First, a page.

selling up, selling down


Context Beats Content

In workflow learning, shifting to a context-first mindset is key By Bob Mosher

Bob Mosher is a senior partner and chief learning evangelist for APPLY Synergies, a strategic consulting firm.
He can be reached at editor@CLOmedia.com.

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ersonalized learning, workflow learning, the Five Moments of Need, 70-20-10, informal learning — call it what you want, but moving learning away from events and into everyday work is one of the hottest topics in our industry right now. I speak with at least three to five learning leaders a week who are struggling with making the “transformation” (another hot topic) from a training department/university model to a performance-centric/workflow-oriented design shop.

The journey is not an easy one. There’s a lot of history and, frankly, baggage to get past. When you’ve been designing for training first, shifting that focus is hard, but until we do, the transformation we want just isn’t going to happen.

I recently observed a learning leader trying to pitch this reorientation to key stakeholders. I noticed he kept repeating the words “course” and “curriculum,” so, out of curiosity, I started counting. I finally stopped at around 20 within the first 10 minutes of his pitch. “Well, that’s just semantics,” you say? Nope — it’s a mindset! In the “old” days, content was king. Our orientation was to first build a course or, later, e-learning. All of our initial analysis and design were oriented toward that even before we met with our SMEs.

This new transformation starts with a reorientation around outcomes and deliverables. Workflow learning assets are typically not training assets, though training assets are often in the mix. The most powerful assets often take the form of performance support, such as checklists, decision trees, videos, learning bursts, social platforms and a lot of user-generated content. These are the tools of the trade when it comes to designing for this brave new world.

But how do you fundamentally make the shift? It starts with switching from a content-first mindset to one of context, and there are two types of context we need to better understand.

The first is workflow itself, which by definition is the context in which our learners work every day. It amazes me how little we truly understand about the job tasks our learners perform daily. Workflow is made up of processes, tasks and the knowledge that supports the performance of those tasks, in that order. If you watch how training is traditionally designed, it doesn’t map to this sequence very well. This approach starts us on a journey toward the wrong outcomes. We need to start with the performance outcomes and context first.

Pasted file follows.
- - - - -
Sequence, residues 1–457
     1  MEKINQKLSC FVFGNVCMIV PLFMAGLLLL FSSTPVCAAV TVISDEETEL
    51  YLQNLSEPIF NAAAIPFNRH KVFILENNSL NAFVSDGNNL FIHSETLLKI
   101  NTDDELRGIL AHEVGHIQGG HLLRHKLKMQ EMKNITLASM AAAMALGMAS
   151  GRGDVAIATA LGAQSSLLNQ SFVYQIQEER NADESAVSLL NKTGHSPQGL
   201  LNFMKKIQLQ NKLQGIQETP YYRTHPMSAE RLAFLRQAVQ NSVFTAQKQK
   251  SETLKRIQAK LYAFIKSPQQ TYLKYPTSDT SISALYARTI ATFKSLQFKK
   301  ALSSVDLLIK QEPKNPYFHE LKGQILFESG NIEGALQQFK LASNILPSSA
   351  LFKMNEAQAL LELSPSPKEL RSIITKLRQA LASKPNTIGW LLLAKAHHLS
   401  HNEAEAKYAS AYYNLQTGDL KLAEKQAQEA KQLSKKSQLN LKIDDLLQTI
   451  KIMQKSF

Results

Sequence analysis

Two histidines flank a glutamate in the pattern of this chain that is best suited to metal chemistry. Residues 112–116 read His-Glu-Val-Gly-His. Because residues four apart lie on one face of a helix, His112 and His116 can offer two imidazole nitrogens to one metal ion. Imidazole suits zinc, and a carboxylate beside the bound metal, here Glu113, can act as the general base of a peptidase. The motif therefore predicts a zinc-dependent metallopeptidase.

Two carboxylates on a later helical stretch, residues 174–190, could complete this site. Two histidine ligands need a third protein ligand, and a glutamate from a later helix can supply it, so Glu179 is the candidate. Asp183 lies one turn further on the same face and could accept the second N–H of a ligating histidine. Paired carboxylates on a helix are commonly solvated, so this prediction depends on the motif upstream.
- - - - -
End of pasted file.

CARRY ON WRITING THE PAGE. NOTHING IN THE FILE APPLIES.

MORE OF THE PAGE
This new transformation starts with a reorientation around outcomes.

When the workflow is identified and even designed for, missing the second type of context can also get us into trouble. For example, I was recently asked to evaluate a workflow portal a company designed. They had done a great job with their workflow analysis and, according to the learners, had clearly outlined the job context they worked in every day. Once the portal was launched, utilization spiked in the beginning, but it quickly began to drop off. When they took a deeper look into why, they discovered the learning and support assets that had been made available within their workflow design were overwhelmingly seen as random and inconsistently designed across the portal.

This particular learning team had been pulled into the “if you build it, they will come (and consume)” phenomenon. Even though the workflow mapping aligned, once learners tried to access the best type of learning and support asset based on their performance need, the choices were not presented in a way that made the most effective option apparent. Learning and support assets have a contextual component as well. Even though the asset is “correct,” meaning the information can be found somewhere within it, the way in which it supports the need makes or breaks its effectiveness.

Some assets are informational while others are instructional. One may take 15 minutes to consume while another takes 30 seconds. One may go into great detail when only a high-level overview is needed. Each of these contexts matter and can make an asset helpful and effective or overwhelming and confusing.

When we move learning and support into the workflow, context at every level is king. A poorly designed job aid can trump a perfectly written lesson if it fits the context and need at the time. Let’s set courses and curriculum on the shelf and start speaking the language of context.